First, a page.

Pope Francis appears to be leaning towards giving Catholic bishops around the globe the power to decide whether to end celibacy for priests in their jurisdiction, a priest turned academic says.
It followed the Pope being quoted in Italian paper La Repubblica as saying celibacy was instituted "900 years after Our Lord's death" and that some Eastern churches under Vatican tutelage already allowed clerics to marry.
He was also quoted as saying he has been told there is reliable data suggesting the level of paedophilia among clerics is about 2 per cent.
"That 2 per cent includes priests and even bishops and cardinals," he was quoted as saying.
The Vatican issued a statement saying that not all the phrases could be attributed "with certainty" to the Pope, and suggested the paper had tried to "manipulate naive readers".
The CEO of the Truth Justice and Healing Council, Francis Sullivan, said on his organisation's early figures, the number of paedophiles in the Catholic Church was nearly double the 2 per cent suggested by the Pope.
The Australian Catholic Bishops Conference and Catholic Religious Australia established the council as a representative for the Catholic Church in the royal commission into child sex abuse.
Mr Sullivan also said that while some might interpret the Pope's comments about allowing the clergy to marry as a solution to the problem of abuse, such an argument was misguided.
"If anyone thinks the solution to child sex abuse is allowing clergy to marry they are missing the point," he said. "[Child sex abuse] needs to be dealt with head on."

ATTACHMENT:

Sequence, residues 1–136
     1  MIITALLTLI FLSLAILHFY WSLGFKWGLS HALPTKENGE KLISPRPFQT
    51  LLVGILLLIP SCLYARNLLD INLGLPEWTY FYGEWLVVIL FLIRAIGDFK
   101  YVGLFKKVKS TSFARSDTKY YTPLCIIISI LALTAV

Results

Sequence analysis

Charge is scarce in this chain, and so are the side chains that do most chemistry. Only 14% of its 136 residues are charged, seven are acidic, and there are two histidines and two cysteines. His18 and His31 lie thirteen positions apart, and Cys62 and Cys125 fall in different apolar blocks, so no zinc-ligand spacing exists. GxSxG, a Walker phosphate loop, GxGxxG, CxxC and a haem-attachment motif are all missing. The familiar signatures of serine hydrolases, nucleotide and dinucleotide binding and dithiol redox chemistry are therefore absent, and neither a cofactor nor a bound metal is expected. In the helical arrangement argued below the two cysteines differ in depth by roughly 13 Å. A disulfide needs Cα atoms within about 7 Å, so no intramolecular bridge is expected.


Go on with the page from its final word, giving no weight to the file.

However, more generally, he said it was time to have the conversation about allowing priests to marry so that they might relate better to Australian culture.
RMIT professor of intercultural studies Des Cahill said that while key elements of the story were denied, Pope Francis did appear to be contemplating the celibacy of priests, though he was unlikely to favour marriage for bishops.
Professor Cahill said that while there had been some increase in the numbers of men studying at seminaries in the past two decades, there were not enough to replace the number of retiring and dying priests at the ends of their careers.
''I think the pressure is building up that a change may be now on the way, perhaps during this pontificate or perhaps the next one,'' he said.
He said that given past comments, Pope Francis may be leaning towards allowing each nation to make its own celibacy decision which, in Australia, would lead to the decision being made by the national bishops' conference.
''I think there is a small minority of Catholics that would be in favour of marriage for the clergy and a majority of the clergy themselves would be in favour,'' he said.
He said there was also a sense that priests needed to reflect society with some married, some with families and others single.
The La Repubblica interview was conducted by the newspaper's founder, 90-year-old Eugenio Scalfari, one of Italy's best-known journalists, who is known for not making record of quotes during interviews, instead relying on memory.
The Vatican issued a statement noting Mr Scalfari's tradition of having long conversations with public figures without taking notes or taping them, and then reconstructing them from memory.
While acknowledging that the conversation had taken place, Vatican spokesman Father Federico Lombardi said not all the phrases could be attributed "with certainty" to the Pope.
with Alexandra Back, Reuters